SOUTHAMPTON, NY —There hangs on a wall in a massive, 20,000 sq ft space, a wonderful selection of paintings by the East End painter Paton Miller, a well-known and highly collected artist on Long Island’s South Fork. Mr. Miller arrived here from Hawaii back in 1974 after traveling throughout Asia and Europe and fell in love with the island’s topography (and a girl) and decided to stick around. Being a surfer, he checked out the local break off Gin Lane upon his arrival.
He immediately befriended a young man his age and a fellow surfer named Dave Lichtenstein, who informed Paton that his father was also an artist. The two are still best buds, even though Paton had no idea who Roy Lichtenstein was at their meeting. Roy proffered some advice on painting for the young, budding artist, as did De Kooning, whom he met in the early ’80s at De Kooning’s studio. Paton was lucky enough to sit alongside the maestro in one of his famous rocking chairs, side-by-side, to contemplate on art in a studio full of work still in the throes of creation. When Patton asked if the pieces in front of them were finished, De Kooning replied hesitantly, ‘I think so.’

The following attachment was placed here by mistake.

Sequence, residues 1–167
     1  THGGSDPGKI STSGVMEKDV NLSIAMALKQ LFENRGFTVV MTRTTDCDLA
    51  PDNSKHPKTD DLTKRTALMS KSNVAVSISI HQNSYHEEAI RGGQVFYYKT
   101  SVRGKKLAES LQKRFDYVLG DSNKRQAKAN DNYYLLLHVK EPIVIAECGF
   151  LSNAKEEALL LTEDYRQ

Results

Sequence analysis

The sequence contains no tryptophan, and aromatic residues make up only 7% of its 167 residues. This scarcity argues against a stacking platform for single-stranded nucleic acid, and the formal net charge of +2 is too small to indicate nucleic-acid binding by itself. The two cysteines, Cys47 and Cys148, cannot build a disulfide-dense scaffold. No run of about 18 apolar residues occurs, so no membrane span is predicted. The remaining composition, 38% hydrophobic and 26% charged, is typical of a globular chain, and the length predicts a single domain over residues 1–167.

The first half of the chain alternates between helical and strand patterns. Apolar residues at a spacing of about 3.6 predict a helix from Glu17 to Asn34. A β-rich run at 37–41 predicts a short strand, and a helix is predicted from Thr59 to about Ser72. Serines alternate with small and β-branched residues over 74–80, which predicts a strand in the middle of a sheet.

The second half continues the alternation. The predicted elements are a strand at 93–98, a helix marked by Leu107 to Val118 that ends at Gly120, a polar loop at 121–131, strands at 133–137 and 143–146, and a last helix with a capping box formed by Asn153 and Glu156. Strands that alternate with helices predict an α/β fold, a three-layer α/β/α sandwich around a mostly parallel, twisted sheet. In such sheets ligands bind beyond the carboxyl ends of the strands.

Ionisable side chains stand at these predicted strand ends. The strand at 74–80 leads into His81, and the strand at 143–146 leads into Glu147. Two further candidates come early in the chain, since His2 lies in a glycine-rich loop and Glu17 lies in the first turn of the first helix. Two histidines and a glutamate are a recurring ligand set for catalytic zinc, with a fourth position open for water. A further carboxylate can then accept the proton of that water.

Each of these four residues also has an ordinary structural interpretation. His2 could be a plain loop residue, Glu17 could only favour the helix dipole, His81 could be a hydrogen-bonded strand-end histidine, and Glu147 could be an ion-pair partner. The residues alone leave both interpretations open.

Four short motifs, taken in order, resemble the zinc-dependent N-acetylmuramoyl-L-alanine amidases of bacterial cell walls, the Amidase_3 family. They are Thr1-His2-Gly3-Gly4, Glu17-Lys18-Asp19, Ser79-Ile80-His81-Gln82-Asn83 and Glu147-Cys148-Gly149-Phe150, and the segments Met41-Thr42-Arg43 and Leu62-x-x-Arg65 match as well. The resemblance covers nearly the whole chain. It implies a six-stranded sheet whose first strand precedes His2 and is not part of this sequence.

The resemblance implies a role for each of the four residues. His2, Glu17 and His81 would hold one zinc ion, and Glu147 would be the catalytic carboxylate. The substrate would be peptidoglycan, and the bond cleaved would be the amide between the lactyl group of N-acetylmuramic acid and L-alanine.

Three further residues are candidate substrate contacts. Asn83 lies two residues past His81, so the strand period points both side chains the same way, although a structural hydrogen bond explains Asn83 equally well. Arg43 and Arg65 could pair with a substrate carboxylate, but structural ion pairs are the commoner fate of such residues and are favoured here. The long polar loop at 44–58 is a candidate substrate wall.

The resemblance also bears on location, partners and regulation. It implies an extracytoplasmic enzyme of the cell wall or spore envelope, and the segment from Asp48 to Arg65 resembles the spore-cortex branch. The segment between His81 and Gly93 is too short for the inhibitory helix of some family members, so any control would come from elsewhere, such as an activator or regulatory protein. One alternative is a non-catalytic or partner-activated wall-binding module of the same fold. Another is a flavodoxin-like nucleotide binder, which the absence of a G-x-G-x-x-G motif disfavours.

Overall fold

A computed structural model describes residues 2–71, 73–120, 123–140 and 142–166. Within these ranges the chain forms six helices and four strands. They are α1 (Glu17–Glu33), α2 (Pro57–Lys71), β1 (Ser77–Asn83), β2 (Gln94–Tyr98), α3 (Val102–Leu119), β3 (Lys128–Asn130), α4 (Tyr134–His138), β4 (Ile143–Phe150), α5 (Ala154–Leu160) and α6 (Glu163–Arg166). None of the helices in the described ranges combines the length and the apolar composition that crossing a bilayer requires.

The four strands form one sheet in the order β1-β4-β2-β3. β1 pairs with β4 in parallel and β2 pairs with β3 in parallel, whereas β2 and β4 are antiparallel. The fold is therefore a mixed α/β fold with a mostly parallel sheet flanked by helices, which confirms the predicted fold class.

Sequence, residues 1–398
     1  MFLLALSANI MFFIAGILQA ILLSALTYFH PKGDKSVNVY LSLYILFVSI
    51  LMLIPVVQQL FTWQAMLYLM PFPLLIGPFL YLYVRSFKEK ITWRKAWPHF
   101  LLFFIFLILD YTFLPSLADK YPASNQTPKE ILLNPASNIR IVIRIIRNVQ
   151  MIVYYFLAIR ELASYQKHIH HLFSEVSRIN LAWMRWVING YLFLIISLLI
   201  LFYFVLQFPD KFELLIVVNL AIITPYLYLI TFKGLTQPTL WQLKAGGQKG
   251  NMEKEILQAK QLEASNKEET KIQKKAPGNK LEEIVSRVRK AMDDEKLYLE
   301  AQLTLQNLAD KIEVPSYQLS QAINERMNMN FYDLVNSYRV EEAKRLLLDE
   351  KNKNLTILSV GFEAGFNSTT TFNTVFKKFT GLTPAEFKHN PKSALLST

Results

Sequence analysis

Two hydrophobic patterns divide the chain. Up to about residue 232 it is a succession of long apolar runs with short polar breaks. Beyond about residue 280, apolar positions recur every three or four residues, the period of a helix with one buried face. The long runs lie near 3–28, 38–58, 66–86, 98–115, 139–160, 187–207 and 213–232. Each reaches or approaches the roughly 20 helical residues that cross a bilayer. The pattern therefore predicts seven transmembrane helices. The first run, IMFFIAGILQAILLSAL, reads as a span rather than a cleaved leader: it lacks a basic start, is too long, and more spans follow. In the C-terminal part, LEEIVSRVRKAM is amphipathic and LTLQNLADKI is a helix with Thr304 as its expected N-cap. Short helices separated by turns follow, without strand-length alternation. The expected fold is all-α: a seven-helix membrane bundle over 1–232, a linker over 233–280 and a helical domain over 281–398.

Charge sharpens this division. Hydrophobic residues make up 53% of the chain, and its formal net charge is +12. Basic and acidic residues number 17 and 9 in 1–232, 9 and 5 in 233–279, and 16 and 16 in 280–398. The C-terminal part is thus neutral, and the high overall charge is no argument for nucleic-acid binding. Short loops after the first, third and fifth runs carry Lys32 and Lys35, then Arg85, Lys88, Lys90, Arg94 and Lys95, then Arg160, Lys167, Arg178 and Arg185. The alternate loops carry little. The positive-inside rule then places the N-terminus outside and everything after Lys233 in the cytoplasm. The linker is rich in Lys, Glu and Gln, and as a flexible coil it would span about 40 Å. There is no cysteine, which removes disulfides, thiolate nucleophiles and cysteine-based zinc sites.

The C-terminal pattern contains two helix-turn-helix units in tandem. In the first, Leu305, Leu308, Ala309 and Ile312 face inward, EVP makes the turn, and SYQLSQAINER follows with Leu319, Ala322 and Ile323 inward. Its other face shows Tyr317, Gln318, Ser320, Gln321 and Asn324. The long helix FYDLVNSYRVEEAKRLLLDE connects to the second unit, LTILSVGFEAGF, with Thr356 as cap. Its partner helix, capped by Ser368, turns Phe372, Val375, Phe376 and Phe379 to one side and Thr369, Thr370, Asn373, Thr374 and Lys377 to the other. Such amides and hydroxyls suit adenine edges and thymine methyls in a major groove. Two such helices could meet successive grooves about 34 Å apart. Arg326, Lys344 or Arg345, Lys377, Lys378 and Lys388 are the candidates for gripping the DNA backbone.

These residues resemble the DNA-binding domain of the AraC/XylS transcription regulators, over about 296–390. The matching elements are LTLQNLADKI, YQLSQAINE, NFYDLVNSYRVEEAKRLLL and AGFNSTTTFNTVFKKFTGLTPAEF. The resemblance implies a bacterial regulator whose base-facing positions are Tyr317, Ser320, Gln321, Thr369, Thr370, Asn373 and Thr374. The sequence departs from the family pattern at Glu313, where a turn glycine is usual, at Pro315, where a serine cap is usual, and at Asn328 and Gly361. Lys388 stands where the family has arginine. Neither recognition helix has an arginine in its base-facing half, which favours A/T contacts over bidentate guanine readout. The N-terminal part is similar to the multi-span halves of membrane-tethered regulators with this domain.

Paton Miller is also a teacher of painting and a curator who champions other artists around him with a larger-than-life personality. He brings his travel experiences into his art and brings his travel to life by the multitude of sketches he does while out and about traveling. Whether utilizing indigenous iconography from British Colombia’s First Nations tribe or that of a mere cow found on all continents worldwide, Mr. Miller creates art that is multi-layered in its materiality, of paints, tacks, and canvases,
(he cuts and slices canvases and finished paintings apart only to mix them up and stitch them back when and where it suits him; this, he says, “provides a freedom which I like”), and multi-faceted in its use of imagery, memories past and present, and places, here and afar. His work conveys a journeyman’s sense of longing, a longing to return to the sea, the mountaintop, the village of our grandparent’s parents, or that surf break off Portugal.
This is no romanticized trip-down-memory-lane-art, either; this is an art that hacks humanity’s DNA to harness in paint a commonality amongst peoples’ simple truths in observations that foster love, respect, and peace. They are hymns in paint to all that we hold dear (or should). When the universe has us torn apart—kept at a distance—and life seems more puzzling than ever, it’s refreshing to see a wall of 20 or so paintings by an artist who gathers the obscure and the beautiful to create something uniquely his —to share. —Gregory de la Haba
Paton Miller Paintings
Collette Home Pop-Up (Former Pier One Space)
54 Montauk Highway
Dec 5-Dec 31, 2020